Good hot dogs come out of Left Field
Former baseball pitcher Dontrelle Willis has a hot dog named in his honor at Left Field Dogs on the West End of Alameda. The “Dontrelle Willis” is a beef frank topped with chili, nacho cheese, cheddar cheese, jalapeños and onions served on a potato bun ($13). Before making it to the big leagues, Willis started playing the game in Alameda, where he grew up.
When co-owners Abraham Kinfu and John Ngu were creating the concept for their restaurant, they wanted to pay homage to the rich history of Alameda’s baseball culture. Ngu is an Alameda entrepreneur who owns Cookie Bar and helped launch Neptune’s, and baseball players such as Willie Stargell, Jimmy Rollins and Dontrelle Willis are all from Alameda.
Kinfu explained that when he was growing up on the island, it was known as a baseball mecca in California. “There are a lot of baseball programs in Alameda,” he said. “Recruiters go to the high school because they do a good job of training athletes.”
I spoke on the phone with Kinfu and asked about the restaurant’s origins. When he and his business partner were coming up with the concept, they noticed there were Bay Area restaurants specializing in gourmet pizza and gourmet hamburgers, but they hadn’t seen many gourmet hot dog joints. “We’re not trying to reinvent the wheel,” Kinfu said. “We just wanted to give a traditional American entrée a twist.”
The menu at Left Field Dogs also incorporates hot dogs from different regions in the country—from Kansas City to Chicago, New York and the South. “When you think of baseball, you do think of all these different areas and we wanted to provide hot dogs to represent those areas,” Kinfu said.
For example, the “Jimmy Rollins” is named for the Bay Area shortstop who played for the Philadelphia Phillies. “We created a Philly cheesesteak with a bratwurst inside,” Kinfu said. In addition to rib-eye steak and a beer brat, the meat is topped with grilled onions, bell pepper, cheddar, garlic aioli sauce and mozzarella on a french roll ($14).
Willie Stargell went to Encinal High School. His eponymous hot dog is a beef frank slathered in pickles, onions, ketchup, mustard and mayo on a potato bun ($11). “He [Stargell] was one of the first athletes that came to Alameda, so we made a classic hot dog,” Kinfu said.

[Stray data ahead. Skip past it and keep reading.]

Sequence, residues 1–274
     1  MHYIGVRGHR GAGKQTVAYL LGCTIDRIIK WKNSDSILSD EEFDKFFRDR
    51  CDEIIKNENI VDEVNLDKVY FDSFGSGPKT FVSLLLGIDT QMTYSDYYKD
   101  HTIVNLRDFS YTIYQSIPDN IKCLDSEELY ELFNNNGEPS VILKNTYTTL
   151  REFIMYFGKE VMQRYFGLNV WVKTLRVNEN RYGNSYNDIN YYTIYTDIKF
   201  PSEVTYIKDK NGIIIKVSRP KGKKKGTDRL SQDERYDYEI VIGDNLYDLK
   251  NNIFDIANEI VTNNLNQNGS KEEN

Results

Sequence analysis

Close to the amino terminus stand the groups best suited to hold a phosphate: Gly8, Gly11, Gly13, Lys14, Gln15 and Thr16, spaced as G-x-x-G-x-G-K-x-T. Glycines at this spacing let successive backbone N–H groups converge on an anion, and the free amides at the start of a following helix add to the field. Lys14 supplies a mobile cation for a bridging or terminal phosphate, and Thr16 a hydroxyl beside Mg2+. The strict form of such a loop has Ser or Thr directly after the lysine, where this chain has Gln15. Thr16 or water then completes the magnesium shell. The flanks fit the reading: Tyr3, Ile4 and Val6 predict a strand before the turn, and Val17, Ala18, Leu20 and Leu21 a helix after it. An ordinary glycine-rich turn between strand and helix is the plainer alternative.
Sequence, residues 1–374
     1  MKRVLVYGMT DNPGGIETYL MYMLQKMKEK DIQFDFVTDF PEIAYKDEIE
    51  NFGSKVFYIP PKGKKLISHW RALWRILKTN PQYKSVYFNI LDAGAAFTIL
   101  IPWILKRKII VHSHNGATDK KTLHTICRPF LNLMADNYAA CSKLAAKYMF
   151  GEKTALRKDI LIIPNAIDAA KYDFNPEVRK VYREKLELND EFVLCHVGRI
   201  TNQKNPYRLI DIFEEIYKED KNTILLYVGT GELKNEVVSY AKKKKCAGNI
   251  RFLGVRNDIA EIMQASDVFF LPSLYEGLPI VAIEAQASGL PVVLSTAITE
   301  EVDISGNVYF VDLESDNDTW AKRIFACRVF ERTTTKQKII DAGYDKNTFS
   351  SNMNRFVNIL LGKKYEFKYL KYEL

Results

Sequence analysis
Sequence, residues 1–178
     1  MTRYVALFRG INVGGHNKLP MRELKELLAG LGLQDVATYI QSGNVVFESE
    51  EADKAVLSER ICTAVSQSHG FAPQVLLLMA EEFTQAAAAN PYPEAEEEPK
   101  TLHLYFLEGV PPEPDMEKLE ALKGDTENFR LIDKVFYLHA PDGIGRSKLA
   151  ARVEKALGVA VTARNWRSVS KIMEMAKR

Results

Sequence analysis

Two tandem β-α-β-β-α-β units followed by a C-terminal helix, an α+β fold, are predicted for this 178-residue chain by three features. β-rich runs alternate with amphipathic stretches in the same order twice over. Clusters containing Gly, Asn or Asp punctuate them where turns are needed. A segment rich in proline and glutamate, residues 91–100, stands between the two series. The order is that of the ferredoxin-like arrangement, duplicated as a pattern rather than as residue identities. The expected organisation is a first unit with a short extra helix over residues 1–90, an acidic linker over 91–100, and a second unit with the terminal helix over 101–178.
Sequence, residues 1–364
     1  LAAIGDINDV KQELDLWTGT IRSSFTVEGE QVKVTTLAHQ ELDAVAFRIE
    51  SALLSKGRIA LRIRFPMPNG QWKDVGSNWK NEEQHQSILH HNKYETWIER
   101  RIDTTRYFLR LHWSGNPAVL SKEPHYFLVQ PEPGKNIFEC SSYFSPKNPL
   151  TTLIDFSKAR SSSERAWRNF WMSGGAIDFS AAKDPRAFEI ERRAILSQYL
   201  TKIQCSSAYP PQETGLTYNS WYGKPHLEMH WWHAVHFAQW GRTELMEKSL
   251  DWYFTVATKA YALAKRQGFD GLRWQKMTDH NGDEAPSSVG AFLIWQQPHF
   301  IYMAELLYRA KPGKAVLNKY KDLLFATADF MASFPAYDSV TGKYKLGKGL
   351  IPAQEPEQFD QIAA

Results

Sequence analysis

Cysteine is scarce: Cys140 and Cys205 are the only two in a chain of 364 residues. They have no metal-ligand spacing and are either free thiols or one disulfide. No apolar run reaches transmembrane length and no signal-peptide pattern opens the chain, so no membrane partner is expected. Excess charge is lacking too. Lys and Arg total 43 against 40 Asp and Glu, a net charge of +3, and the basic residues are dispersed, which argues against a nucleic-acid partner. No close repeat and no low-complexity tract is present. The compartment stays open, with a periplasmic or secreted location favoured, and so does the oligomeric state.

Left Field Dogs takes advantage of its proximity to Crispian, a bakery on Park Street that makes customized French rolls for Left Field. The poppy seed buns come from Grateful Bread in Sacramento. And while Kinfu and Ngu attempted to find a local bakery specializing in potato buns, they chose East Coast vendor Martin’s Famous Potato Rolls and Bread.
The majority of their meat vendors are local. Sonoma County Meat Company provides Left Field with bratwurst, chorizo and Italian sausage. “When you’re getting your sausage, they’ve just been made days prior,” Kinfu said. Golden Gate Meat Company is responsible for the smoked meats, such as beef franks, kolbasi sausage and hot links. “There are no preservatives in any of our meats,” he added.
At the moment, vegans have two options on the menu—an Italian garlic fennel and a “beef frank” that’s also made with fennel. Both are made by Field Roast, a plant-based meat-and-cheese company. Before they decided to go with Field Roast, Kinfu sampled vegan options from Beyond Meat and Impossible products. “When I tried the Field Roast sausages, I thought I’d eat them with anything—and I’m not a vegan,” he said.
When something comes out of left field, Kinfu said, “It’s unique. I think that’s a good way to categorize our food.” Shortly after Left Field Dogs opened last year, Dontrelle Willis stopped by to try the “Dontrelle Willis” hot dog covered in chili and nacho cheese. “He was a fan of it!” Kinfu said. An IG photo of Kinfu and Willis smiling together hangs inside the restaurant. “He reposted our images on social media and gave us a shout out.”
Left Field Dogs, 1606 Webster St., Alameda. Open Tue-Sat, 11am to 7pm; Sun, noon to 6pm; Mon, 11am to 5pm. 510.217.8697. www.leftfielddogs.com